In my experience, tins and fingers don’t go well together. A few years back I found myself at the hospital after losing terribly in a battle against a tin of kidney beans. Kidney beans are good for iron levels, I hear. Bleeding all over the kitchen floor, not so much. Oh, the agony of my hand and its plaintive sobs of haemoglobin.
In tears, I called up my husband, who did his knight-in-a-shining-Ford-Laser thing and rushed home from work. Meanwhile I wrapped up my hand with paper towels galore and a veritable patchwork’s quilt worth of hand towels. I had no idea which bit of my hand was cut, precisely, but I didn’t relish the idea of peering through all that blood in order to find out.
Since it was late in the evening and the hospital is just down the road, we dashed off to emergency (which yes, does sound a touch melodramatic, but that’s the only place they’ll admit tin-mauled people clutching tea towels). And then we sat around for a long time listening to very, very ill people coughing up bits of lungs and hazing around in the depths of their ailments.
Finally, it was my turn. I went into the consultation room and offered up my tea-towel swathed hand. The doctor, very kindly, very gently, unwrapped it.
“Oh,” she said. “So where is the wound, exactly?”
Once the blood had been cleared away, I wasn’t exactly sure, either. Possibly on my little finger? That little bit of skin near the joint?
“I have overactive platelets,” I said, helpfully.
The doctor, to her credit, did not laugh at what was an obvious case of hypochondria. Perhaps she was relieved that there was nothing at all wrong with me.
“How about we put a Bandaid on it, hmm?”
I’m only thankful that she didn’t offer me one with a picture on it. I’d never have lived it down.
Anyway. If you think that’s a ridiculous (if entirely true) story, it’s nothing compared with Alex Shearer’s Tins (known as Canned in the US, since apparently “tin” is a noun that baffles kids in that area of the world). Our protagonist is Fergal Bamfield, an overwhelmingly, abundantly mediocre kid whose eccentricity is explained away by his parents as his being “clever”.
You can get away with plenty of silly or questionable behaviour (see above hospital story) if people decide to dub you “clever”. (Although I do hope that whenever it’s applied to me it’s not always in inverted commas.) In Fergal’s instance, one of these clearly divergent behaviours is collecting tins. But not just any old tins, oh no. Discounted tins. Those ones on the sale shelves in the supermarket that are bald of their labels and look as though they’ve been kicked in the guts with a baseball bat. For Fergal, each and every tin is an ugly little duckling in need of a home. An ugly little duckling that has the potential to be hacked open to reveal all manner of miraculous treasures. Such as duck pate, perhaps. Or pineapple.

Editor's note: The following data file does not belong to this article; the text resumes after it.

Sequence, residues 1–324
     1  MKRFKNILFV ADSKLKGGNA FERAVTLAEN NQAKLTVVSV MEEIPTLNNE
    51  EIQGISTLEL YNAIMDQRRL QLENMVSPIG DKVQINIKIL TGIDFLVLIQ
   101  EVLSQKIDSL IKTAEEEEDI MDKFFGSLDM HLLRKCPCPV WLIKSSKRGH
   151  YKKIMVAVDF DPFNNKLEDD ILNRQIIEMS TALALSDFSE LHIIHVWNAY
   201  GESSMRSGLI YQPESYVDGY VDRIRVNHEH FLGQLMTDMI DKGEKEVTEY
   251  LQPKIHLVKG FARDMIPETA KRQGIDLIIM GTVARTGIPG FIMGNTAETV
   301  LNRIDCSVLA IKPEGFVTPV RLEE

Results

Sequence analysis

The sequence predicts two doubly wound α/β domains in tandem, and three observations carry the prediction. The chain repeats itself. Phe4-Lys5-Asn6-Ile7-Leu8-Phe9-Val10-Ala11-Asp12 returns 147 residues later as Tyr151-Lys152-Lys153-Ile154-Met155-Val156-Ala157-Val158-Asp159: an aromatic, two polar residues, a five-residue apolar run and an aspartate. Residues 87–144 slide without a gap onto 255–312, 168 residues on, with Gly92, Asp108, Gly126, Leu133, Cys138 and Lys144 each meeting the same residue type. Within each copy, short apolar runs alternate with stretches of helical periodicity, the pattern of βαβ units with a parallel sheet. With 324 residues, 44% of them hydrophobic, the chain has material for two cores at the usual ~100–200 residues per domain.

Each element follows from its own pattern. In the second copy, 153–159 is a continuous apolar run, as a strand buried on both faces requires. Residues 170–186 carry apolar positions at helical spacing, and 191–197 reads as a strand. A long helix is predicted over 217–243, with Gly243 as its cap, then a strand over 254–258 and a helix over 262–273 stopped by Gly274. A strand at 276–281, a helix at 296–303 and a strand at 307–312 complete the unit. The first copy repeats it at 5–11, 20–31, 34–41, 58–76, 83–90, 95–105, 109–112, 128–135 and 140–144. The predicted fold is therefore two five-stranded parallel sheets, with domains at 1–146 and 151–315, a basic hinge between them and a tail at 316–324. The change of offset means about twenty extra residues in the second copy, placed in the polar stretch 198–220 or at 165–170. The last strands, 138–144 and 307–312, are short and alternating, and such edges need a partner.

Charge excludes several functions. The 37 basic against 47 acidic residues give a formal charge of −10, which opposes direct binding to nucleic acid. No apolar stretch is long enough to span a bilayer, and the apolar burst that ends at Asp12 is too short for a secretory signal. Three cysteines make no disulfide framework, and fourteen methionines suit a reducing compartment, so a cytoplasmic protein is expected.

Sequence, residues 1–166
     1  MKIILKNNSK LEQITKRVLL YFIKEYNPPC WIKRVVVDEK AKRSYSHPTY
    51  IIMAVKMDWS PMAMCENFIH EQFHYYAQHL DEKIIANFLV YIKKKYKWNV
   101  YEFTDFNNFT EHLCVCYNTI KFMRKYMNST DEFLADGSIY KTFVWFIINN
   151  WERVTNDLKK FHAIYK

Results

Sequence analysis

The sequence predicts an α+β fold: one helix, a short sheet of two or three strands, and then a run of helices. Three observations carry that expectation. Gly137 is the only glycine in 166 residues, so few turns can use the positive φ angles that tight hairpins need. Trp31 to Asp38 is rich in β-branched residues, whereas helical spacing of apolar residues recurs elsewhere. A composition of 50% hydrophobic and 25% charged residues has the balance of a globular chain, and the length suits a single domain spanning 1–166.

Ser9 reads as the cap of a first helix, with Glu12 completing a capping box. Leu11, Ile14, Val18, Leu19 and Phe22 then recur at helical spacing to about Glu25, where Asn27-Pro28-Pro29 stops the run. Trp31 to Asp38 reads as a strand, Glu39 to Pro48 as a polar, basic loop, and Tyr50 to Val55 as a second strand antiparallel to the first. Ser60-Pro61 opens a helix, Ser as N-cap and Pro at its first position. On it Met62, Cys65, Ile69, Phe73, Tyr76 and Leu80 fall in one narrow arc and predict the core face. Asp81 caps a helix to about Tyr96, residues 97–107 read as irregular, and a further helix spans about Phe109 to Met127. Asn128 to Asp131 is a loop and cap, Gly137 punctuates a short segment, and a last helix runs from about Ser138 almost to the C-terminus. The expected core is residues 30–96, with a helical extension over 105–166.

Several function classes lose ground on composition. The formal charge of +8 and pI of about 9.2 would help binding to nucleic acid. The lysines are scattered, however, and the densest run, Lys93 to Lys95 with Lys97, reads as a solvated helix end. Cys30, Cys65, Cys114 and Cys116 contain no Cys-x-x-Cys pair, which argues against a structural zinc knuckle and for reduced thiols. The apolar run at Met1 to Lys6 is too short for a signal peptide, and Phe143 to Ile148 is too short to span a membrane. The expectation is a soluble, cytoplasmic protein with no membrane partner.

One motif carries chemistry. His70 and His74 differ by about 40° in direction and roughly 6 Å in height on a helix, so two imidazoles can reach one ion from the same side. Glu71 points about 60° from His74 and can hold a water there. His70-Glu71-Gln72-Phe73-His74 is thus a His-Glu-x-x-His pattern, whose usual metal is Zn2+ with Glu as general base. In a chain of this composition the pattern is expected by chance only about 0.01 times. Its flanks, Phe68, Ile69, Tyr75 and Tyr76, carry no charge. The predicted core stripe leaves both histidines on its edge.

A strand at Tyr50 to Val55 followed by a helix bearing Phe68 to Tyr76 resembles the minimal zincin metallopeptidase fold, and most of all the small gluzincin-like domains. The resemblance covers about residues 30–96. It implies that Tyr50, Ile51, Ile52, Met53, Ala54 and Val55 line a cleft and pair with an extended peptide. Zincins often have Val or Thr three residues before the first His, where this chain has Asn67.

Or a finger.
When Fergal opens such a tin, he’s less concerned than he is baffled. A finger certainly is a curious thing to find inside a tin. And my, what of that earring found in that other tin? Oh, and that ear, found in a tin snapped up by his “clever” friend Charlotte for her own collection? (Surely you didn’t think that tin collecting was so very esoteric that Fergal wouldn’t be able to form a community around the endeavour, did you?)
After a bit of deep thought and the subsequent finding of a “please help me!” letter in a tin, the two decide that there’s probably something slightly suspicious going on at a local cannery. The two use their sleuthing skills to determine the likely source of these peculiarly defective cans, and one night Fergal slips away to try to get to the bottom of the mystery. Only he doesn’t return, and it’s only when Charlotte receives a highly personalised letter in a can that she begins to realise what might have become of Fergal…
This is a rambunctiously ridiculous book, and if you have absolutely no issues with reading something of that sort you’ll likely enjoy it. Shearer has a page-turning prose style that sees you reading relentlessly (Terminator-style, even) until you get to the final page, and the narrative grows and builds into an immensity of silliness by its end. It’s the sort of thing you could imagine in an episode of Rocko’s Modern Life (remember that? How old am I, guys? So old.) It requires a certain gleeful suspension of disbelief, particularly where all the fortuitous communication through tin cans is involved, but for the most part it works very well indeed.
My only qualm was the way in which the transition of the third part of the book (Fergal’s disappearance) was handled. Here the drama and zaniness steps up dramatically, but the transition is terribly abrupt, with a mere scene marker delineating the gap between Fergal’s wondering about the source of the cans and his sudden disappearance. This part of the book, however, forms the key plot twist and climax, and I suspect that it’s here that readers will either find themselves enormously in love with the sheer mischief of this story, or will find themselves a bit off-side. I’m a bit on the fence, personally, and don’t quite feel that a twist of these proportions was quite set up by the (relatively) mundane events of the prior two parts of the book.
That said, the back cover copy does warn that it may contain traces of nuts…to which my response would be: only traces? If you’re after something fun and cheery (and a wee bit gruesome), give it a shot, but please take my anecdote, and this book, as a warning against the terrible dangers of the humble tin can.
Support Read in a Single Sitting by purchasing Tins using one of the affiliate links below:
or support your local independent.
Other books by Alex Shearer: